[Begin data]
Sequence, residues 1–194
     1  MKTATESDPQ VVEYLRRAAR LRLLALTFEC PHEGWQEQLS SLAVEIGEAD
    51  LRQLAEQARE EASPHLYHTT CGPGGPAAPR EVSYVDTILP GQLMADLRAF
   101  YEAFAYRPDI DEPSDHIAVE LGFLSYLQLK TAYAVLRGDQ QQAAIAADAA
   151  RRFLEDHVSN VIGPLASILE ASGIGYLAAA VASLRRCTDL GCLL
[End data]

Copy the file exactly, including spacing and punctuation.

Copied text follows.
Sequence, residues 1–194
     1  MKTATESDPQ VVEYLRRAAR LRLLALTFEC PHEGWQEQLS SLAVEIGEAD
    51  LRQLAEQARE EASPHLYHTT CGPGGPAAPR EVSYVDTILP GQLMADLRAF
   101  YEAFAYRPDI DEPSDHIAVE LGFLSYLQLK TAYAVLRGDQ QQAAIAADAA
   151  RRFLEDHVSN VIGPLASILE ASGIGYLAAA VASLRRCTDL GCLL